There are several teaching initiatives that take advantage of IT. One early suggestion was computerized examinations2 closely followed by instruction in biomechanics3. Chew & Smirniotopoulos used an interactive video disc to teach trauma radiology to orthopaedic residents4. The residents approved the programme and their post-test scores improved significantly. CD-ROM-based computer-assisted education was also shown to improve trainees' post-test exam scores5,6. Sinkov et al (2004)7 investigated the educational use of the Internet by trainees and consultants and found that both groups preferred online textbooks.

photo6.jpgThe seemingly simple concept of supporting lectures with specifically posted web-based information8 was not reported until 2007. Johns Hopkins orthopaedic programme has also developed a system of this type9, but for protection of copyright, it requires a password. The mystique surrounding creation of webpages seems to inhibit this very valid way of reinforcing what has just been taught. The trainees themselves have usually initiated online posting of notes/reviews on orthopaedic subjects10,11,12 although these efforts have been continued after the completion of training in many cases. The Southern Orthopaedic Association's project to produce an online peer-reviewed textbook ( authored by experts, has only delivered a few chapters, but they are of high quality. Ongoing CME is provided online by the AAOS - Orthopaedic Knowledge Online (, Orthopedics Hyperguide ( Ortho Supersite (, eMedicine ( and Medscape ( amongst others. Sites for subspecialty information include the Electronic Textbook of Hand Surgery ( and the East Lancashire Foot and Ankle Hyperbook ( Several of the subspecialty societies post valuable educational resources. Especially notable are the OTA Basic Fracture Course ( and the Trauma and Fracture Care Residency Core Curriculum Lectures ( also from the OTA. The latter constitutes downloadable PowerPoint presentations which may be adapted for anyone's use (with suitable crediting). The POSNA Core Curriculum ( presents discussion points about key features of paediatric orthopaedics. Work has also been done on computer simulation of surgical activities24 with Virtual Reality Simulators25. Models of arthroscopy seem to be attracting the most attention26,27,28.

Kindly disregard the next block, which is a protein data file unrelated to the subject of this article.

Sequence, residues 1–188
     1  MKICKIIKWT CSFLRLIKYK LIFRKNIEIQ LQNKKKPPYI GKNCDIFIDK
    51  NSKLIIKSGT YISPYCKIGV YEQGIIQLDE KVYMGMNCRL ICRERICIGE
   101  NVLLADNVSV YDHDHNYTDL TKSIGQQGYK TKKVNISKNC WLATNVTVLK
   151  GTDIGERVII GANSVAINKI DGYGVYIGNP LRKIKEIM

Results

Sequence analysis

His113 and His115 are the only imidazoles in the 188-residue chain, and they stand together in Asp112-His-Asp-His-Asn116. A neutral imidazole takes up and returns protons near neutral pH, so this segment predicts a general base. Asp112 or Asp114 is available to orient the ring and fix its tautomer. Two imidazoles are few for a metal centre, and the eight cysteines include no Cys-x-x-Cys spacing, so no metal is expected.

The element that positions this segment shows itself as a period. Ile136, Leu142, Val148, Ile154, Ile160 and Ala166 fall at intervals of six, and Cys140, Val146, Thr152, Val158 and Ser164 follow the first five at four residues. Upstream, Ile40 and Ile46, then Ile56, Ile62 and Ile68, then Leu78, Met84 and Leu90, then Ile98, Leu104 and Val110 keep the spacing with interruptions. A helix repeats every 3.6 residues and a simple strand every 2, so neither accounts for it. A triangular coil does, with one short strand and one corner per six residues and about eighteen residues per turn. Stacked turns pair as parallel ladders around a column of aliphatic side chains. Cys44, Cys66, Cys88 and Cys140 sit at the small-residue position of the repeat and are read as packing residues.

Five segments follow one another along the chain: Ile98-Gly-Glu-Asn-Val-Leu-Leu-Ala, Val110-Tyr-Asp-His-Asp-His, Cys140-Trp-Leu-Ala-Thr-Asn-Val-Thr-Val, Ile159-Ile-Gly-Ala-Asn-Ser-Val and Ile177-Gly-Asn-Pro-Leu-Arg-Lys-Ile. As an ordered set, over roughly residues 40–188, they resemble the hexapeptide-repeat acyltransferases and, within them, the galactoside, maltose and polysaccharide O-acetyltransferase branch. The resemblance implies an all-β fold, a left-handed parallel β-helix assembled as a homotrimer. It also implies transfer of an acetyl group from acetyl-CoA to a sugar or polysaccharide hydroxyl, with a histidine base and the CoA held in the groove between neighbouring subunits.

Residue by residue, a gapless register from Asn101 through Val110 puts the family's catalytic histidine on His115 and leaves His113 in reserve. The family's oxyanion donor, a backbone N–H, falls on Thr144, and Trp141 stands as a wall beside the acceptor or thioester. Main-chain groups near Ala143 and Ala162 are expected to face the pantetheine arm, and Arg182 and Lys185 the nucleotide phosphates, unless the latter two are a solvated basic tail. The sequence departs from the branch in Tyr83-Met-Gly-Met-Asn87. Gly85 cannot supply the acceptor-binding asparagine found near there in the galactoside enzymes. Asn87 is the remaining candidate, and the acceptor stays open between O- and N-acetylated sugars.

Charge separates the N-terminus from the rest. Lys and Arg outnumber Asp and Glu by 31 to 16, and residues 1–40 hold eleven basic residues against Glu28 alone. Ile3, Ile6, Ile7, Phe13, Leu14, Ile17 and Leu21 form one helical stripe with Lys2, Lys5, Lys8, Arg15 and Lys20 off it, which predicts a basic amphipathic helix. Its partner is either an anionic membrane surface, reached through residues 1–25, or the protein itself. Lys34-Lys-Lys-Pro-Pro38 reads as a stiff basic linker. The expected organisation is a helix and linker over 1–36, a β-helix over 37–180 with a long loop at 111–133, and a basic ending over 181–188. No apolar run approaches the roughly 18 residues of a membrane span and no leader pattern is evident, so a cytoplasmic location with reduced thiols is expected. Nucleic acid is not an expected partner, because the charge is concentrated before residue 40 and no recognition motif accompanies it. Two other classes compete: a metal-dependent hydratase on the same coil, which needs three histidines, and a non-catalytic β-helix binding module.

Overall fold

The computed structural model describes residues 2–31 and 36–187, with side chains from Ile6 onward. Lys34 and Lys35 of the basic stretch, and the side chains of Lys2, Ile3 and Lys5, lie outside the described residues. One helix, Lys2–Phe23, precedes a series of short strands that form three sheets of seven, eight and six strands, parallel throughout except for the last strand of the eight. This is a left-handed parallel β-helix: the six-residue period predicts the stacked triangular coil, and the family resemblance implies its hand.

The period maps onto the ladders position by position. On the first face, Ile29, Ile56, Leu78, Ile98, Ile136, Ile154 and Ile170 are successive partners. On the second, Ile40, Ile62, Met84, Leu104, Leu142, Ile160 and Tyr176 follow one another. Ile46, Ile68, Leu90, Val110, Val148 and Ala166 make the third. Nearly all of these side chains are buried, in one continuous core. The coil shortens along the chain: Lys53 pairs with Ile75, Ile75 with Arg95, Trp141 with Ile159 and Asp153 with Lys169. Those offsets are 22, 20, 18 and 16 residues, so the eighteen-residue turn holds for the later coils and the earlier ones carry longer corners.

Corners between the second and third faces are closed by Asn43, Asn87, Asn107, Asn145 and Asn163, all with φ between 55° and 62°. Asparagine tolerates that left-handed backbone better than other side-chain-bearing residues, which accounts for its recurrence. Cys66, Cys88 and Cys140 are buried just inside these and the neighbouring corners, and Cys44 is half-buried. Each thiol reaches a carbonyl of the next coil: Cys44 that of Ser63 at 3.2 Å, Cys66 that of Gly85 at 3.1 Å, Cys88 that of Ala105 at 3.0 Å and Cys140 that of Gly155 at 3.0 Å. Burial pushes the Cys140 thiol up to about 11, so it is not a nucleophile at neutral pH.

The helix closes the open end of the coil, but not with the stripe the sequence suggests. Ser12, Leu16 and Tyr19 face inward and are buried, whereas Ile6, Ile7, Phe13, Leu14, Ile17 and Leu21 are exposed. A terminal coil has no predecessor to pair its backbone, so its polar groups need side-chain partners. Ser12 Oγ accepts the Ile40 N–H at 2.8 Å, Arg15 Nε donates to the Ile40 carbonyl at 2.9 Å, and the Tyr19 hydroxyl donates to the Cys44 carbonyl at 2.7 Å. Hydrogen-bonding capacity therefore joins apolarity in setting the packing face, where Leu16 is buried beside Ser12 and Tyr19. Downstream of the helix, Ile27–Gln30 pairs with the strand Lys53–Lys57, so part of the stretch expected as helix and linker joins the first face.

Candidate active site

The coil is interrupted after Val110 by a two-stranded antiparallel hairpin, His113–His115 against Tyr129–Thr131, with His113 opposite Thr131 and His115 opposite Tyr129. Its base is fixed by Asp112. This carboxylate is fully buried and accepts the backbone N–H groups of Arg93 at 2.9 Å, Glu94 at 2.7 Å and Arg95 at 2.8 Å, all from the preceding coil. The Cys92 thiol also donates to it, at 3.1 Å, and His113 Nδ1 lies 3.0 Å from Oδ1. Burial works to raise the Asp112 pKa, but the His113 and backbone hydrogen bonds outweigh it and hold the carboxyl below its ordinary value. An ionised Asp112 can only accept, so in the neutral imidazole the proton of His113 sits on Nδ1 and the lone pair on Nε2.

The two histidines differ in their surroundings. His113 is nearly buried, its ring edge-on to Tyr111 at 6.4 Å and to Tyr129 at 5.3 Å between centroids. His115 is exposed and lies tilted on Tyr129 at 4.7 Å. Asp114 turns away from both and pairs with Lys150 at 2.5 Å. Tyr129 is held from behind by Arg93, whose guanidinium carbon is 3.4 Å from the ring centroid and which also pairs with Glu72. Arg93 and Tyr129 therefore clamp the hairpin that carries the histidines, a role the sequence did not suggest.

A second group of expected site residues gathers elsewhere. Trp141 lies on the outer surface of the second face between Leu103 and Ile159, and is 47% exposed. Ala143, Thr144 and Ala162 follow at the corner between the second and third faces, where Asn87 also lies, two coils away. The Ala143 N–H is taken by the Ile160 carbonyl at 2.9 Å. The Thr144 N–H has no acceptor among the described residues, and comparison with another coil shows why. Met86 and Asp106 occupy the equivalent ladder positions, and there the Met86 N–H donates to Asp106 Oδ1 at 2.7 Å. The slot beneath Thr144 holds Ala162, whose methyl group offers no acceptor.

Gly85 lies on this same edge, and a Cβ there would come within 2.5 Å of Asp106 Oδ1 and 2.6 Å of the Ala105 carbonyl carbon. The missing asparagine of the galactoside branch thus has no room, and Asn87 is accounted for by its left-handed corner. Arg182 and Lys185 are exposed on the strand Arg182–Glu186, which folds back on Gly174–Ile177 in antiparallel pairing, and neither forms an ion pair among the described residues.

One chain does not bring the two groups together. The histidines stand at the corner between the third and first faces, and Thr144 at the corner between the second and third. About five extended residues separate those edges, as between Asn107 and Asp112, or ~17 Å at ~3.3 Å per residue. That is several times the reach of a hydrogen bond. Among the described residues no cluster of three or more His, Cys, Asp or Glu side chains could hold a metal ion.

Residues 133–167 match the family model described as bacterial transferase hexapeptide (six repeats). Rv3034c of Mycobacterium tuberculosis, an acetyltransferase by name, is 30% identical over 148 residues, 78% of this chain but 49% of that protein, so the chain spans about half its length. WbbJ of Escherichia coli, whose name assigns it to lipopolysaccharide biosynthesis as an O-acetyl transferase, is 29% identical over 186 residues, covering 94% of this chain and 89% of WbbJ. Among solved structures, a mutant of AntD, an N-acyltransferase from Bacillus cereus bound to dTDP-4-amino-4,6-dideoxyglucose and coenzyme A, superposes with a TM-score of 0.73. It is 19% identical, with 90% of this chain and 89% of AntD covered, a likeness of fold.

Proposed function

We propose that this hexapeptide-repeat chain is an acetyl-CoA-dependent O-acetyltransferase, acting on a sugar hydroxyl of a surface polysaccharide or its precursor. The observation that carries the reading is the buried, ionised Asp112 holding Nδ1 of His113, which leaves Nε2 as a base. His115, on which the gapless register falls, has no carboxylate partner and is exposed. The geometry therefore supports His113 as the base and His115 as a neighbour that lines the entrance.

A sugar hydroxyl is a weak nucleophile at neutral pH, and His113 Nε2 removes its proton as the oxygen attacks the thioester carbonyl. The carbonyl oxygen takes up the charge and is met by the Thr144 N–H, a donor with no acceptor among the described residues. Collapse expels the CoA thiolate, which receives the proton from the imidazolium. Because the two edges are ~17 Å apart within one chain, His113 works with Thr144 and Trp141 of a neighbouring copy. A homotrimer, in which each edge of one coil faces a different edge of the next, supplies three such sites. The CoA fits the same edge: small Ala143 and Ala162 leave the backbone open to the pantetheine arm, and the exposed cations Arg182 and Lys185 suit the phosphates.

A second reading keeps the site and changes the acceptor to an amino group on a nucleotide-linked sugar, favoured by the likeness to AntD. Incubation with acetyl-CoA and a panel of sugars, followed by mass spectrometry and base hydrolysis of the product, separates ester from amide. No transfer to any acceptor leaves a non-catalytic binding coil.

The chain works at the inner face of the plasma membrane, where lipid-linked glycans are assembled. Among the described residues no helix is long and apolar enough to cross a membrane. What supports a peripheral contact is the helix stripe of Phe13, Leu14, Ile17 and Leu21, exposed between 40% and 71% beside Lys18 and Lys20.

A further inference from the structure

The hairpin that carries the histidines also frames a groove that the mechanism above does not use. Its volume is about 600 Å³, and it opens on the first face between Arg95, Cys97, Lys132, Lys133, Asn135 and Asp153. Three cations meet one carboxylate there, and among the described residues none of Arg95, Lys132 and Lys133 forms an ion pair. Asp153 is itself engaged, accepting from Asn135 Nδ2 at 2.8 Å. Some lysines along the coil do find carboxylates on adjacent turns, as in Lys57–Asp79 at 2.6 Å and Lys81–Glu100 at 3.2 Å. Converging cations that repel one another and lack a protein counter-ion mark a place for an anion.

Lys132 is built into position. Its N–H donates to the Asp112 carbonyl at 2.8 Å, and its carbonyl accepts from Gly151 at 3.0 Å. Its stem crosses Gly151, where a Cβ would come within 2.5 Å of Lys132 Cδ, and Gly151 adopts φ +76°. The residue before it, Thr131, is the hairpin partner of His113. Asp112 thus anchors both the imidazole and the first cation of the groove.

The rise in popularity of social networking and Web 2.0 technologies has resulted in improved sharing of information. The Association of Bone and Joint Surgeons ( has initiated development of a web-based collaborative orthopaedic knowledgebase called Orthopaedia ( Orthopaedia has been built on a wiki framework which allows members of the community to add or edit articles, post comments, contribute documents, submit news updates in a single, searchable, structured repository.

Those interested in Orthopaedic Informatics not only have to understand, promote and participate in the developments taking place in this arena. They also have to interpret them to the orthopaedic community and recommend changes to the educational system29,30 that will be appropriate for the future. It is a truism that we "learn to learn", but the new reality is that the methods and modalities of learning are changing as well31.